Another major area in which Poland and Hungary are continuing their cooperation is opposing the EU's migration reforms. Most recently, during the European Council meeting at the end of June, both Hungary and Poland opposed the EU's migration pact. Despite hosting many Ukrainian migrants, and potentially profiting from the new migration pact, Poland's ruling PiS party opposes the plan to satisfy its anti-migrant base. This puts it on the same page as Hungary, where extremely anti-migrant policies have shaped Orbán's reign. Given that this migration reform package was adopted by a qualified majority, neither country was ultimately able to veto the decision, though that did not stop them from making their displeasure known at the Council meeting. Of course, an EU decision does not mean that either country will implement the reforms. Morawiecki plans to hold a referendum on the migration deal, while Orbán simply refused to accept the EU's decision. The two countries can also draw on a precedent, namely their refusal to implement the 2015 Migrant Distribution Mechanism, something for which neither country was sanctioned. Poland and Hungary will likely have to continue their cooperation on the issue of migration, aligning both to satisfy their anti-migrant constituencies and to shield each other from future EU repercussions over their refusal to follow the new rules.
All in all, one cannot underestimate the impact that Hungary's brazen and full-throated support of Russia has had on its relationship with Poland. That being said, commentators who predicted the end of the Polish-Hungarian alignment within the EU may have been too hasty. As long as PiS and Fidesz remain in power, the two countries will have to be unified vis-à-vis the EU, especially on the rule of law and migration issues. Even if the relationship has cooled off, they must support one another to prevent the EU from further sanctioning them. Of course, the situation may change by the end of the year when Poland holds elections. While polling shows that PiS is still in the lead, if it cannot secure a victory, the relationship may truly change. A Polish government not led by PiS could implement the EU's proposed reforms and break from Hungary fully. If PiS does win the elections, then Hungary and Poland will be stuck in their marriage of convenience for the foreseeable future, even as their divergent views on Russia and Ukraine remain a sore topic, hindering the creation of a unified, pan-European far-right.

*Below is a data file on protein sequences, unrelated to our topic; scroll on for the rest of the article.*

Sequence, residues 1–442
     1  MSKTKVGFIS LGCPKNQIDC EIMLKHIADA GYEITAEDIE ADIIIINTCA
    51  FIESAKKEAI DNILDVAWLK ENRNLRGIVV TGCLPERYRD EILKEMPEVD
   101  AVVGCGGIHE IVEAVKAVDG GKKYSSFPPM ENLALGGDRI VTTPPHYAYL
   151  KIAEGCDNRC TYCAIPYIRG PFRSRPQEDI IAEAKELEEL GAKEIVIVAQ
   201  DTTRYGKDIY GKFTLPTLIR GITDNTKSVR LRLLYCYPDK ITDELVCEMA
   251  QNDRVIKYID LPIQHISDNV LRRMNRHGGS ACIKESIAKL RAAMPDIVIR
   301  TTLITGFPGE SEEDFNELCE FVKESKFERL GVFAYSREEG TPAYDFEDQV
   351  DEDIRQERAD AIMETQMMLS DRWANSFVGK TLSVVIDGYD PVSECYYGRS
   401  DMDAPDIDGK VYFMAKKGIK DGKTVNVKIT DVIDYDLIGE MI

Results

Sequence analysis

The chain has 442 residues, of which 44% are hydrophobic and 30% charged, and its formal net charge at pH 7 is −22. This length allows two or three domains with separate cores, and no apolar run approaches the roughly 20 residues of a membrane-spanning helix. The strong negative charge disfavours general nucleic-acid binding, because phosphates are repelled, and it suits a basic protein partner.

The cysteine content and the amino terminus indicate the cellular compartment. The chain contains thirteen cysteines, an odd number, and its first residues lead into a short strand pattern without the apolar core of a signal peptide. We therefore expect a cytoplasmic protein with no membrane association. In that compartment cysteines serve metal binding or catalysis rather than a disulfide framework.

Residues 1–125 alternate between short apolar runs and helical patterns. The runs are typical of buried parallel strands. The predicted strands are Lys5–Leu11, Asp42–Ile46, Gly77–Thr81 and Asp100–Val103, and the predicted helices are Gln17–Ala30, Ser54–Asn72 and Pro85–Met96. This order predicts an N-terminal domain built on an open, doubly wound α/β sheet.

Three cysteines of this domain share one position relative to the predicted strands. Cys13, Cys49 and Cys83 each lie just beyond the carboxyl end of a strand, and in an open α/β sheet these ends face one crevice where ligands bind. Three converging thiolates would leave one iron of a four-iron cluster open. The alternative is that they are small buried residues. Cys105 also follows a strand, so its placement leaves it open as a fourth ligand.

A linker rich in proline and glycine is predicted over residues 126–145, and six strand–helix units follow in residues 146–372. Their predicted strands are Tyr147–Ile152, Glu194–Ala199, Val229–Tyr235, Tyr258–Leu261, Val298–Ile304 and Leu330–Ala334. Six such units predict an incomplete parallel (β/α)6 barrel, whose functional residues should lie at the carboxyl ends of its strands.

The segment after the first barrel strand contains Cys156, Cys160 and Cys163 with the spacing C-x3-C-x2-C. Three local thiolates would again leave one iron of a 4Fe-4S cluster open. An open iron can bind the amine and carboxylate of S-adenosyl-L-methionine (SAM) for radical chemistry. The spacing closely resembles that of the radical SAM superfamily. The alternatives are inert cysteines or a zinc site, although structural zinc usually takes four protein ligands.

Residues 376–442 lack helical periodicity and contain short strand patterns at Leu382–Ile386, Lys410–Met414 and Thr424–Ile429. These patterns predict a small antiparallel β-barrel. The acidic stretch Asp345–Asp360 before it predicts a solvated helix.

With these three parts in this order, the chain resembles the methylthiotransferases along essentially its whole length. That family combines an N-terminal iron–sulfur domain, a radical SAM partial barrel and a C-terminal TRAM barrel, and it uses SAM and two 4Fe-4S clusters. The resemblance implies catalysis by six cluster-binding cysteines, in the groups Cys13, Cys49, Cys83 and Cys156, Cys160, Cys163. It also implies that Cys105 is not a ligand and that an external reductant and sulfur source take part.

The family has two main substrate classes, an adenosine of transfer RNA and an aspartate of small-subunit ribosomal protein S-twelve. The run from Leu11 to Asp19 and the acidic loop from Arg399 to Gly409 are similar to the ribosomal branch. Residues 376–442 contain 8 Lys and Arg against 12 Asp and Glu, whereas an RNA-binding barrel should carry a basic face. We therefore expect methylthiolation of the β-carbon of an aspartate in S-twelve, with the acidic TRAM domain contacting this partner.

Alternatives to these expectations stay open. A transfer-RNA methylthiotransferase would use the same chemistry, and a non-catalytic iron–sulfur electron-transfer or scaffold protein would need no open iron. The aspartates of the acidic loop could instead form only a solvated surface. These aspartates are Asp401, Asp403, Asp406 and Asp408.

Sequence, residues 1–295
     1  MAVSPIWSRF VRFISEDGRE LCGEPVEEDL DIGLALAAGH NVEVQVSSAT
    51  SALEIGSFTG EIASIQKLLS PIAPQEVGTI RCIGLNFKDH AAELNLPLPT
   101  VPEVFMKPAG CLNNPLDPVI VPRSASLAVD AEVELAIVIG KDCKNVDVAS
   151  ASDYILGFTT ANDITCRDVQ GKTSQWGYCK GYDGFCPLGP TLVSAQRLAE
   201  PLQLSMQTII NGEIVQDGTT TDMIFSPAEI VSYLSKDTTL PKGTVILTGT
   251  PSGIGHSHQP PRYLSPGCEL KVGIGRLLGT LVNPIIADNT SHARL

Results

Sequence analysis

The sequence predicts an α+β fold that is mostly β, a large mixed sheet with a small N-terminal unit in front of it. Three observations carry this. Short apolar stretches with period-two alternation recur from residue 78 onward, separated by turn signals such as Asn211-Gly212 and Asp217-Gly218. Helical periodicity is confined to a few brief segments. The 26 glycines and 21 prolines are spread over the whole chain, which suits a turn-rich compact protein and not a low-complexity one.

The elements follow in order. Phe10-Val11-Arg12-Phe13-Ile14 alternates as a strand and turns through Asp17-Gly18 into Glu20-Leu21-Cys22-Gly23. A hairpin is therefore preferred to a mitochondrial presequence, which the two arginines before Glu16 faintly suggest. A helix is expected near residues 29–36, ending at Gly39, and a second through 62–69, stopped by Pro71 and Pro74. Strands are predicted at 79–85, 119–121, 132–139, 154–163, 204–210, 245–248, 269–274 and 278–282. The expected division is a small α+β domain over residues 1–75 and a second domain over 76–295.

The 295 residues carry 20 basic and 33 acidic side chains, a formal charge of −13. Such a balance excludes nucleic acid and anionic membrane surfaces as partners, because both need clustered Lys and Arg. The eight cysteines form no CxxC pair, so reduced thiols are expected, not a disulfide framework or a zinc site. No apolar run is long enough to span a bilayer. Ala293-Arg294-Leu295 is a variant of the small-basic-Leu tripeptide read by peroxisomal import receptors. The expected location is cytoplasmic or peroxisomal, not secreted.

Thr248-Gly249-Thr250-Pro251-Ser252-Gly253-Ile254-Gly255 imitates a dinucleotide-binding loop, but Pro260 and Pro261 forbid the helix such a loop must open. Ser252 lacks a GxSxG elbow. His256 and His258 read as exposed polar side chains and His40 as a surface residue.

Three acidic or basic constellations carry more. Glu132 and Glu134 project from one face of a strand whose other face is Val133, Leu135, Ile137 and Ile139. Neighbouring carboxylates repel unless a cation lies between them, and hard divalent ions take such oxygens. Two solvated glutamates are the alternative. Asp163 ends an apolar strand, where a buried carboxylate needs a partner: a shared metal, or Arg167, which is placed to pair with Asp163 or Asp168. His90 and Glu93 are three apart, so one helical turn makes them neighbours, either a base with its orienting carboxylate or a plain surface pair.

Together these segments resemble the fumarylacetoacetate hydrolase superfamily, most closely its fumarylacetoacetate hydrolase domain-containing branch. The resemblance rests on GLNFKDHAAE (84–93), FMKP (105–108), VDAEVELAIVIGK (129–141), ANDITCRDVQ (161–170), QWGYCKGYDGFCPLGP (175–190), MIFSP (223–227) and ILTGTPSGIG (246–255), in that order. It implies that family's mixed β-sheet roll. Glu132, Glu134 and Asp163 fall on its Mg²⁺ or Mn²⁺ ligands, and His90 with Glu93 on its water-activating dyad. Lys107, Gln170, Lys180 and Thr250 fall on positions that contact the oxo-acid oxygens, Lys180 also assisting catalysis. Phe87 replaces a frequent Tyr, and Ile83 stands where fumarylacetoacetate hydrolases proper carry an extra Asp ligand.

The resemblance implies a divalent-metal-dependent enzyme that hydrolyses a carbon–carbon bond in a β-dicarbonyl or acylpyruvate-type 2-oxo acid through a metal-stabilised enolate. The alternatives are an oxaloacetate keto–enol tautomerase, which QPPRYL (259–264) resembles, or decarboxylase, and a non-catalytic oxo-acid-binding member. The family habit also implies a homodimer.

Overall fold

* Funded by the European Union. Views and opinions expressed are however those of the author(s) only and do not necessarily reflect those of the European Union or EACEA. Neither the European Union nor the granting authority can be held responsible for them.